The way you live is reflected directly in the heart. Following some simple rules can help you not only recover after a heart attack or stroke but also prevent them.
Stop Smoking! It increases twice the risk of stroke. It damages the blood vessels, increases blood clotting, increases blood pressure and forces the heart to work harder. Also, avoid “passive” smoking. Much of the harmful chemicals of cigarettes are contained in cigarette smoke.
Check your cholesterol levels regularly by blood tests with your doctor. If the levels of “bad” LDL-cholesterol are high, he may recommend medications or dietary changes to lower your values and improve your health.
Walk regularly on prophylactic examinations. Some of the greatest risk factors for heart attack and stroke such as high blood pressure, high cholesterol, diabetes in the early stages do not cause any symptoms. If they are available, the doctor may prescribe treatment for them to prevent complications.
Control your blood pressure! For more than two consecutive measurements of values above 120/80 within one week, visit a doctor.
Move! Regular exercise improves heart and blood vessel function by helping maintain the healthy weight, control diabetes, cholesterol levels, and blood pressure. Exercises should not be heavy or exhausting. For example, walking 30 minutes a day, five days a week, can improve your health.
Maintain a healthy weight. Excess kilograms load the heart and may worsen blood counts. Exercise, frequent eating four to five times a day with low calorie and salt-poor foods, is the way to overweight.
Consume food that is good for the heart and blood vessels. Too many saturated fatty acids and cholesterol may lead to the formation of atherosclerotic plaques in the arteries. The fish contain omega-3 fatty acids that improve cholesterol levels. Eat lots of fruits and vegetables.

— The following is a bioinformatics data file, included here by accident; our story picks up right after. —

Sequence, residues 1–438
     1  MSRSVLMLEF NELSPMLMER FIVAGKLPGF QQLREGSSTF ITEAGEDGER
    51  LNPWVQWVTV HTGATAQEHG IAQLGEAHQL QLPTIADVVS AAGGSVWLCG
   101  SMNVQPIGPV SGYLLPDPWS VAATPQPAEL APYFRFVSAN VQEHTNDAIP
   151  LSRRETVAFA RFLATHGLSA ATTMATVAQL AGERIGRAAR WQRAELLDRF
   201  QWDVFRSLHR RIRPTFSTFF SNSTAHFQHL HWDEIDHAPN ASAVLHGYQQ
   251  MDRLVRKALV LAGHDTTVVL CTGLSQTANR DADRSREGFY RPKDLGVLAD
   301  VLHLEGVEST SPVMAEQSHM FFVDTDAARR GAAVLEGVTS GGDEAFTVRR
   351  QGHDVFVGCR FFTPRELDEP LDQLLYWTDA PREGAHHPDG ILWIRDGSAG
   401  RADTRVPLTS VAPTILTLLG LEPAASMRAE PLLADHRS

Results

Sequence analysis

Reduce stress! Stress is a major risk factor for coronary and cerebrovascular accidents, reducing the motivation to perform health-conscious activities. High levels of stress are also associated with increased blood pressure.
If you drink alcohol, do it moderately. Drinking more than two drinks a day increases your blood pressure.
Check for early onset symptoms of coronary artery disease such as new-onset shortness of breath and chest pain in efforts that have not previously caused them.
Treat your heart problems! Cardiac arrhythmias are an uneven heartbeat. Atrial fibrillation is an arrhythmia that can increase the risk of stroke by 50%. Some people with atrial fibrillation have no symptoms and are detected by a doctor. Those who have symptoms complain of palpitations, “jumping of the heart” (feeling of an uneven heartbeat), dizziness, confusion, shortness of breath, chest pain, and so on.
Transient disturbances of cerebral blood flow! These are episodes with stroke-like symptoms that last from minutes to 24 hours but do not cause permanent damage. Symptoms include speech, paralysis or weakness on the hand or leg, paralysis in one-half of the face. The picture of transient disorders may contain one or more of the listed symptoms, as well as others depending on which of the cerebral arteries are affected. It is considered a warning sign for a stroke. More than 40% of people with transient ischemic attack also suffer from a stroke.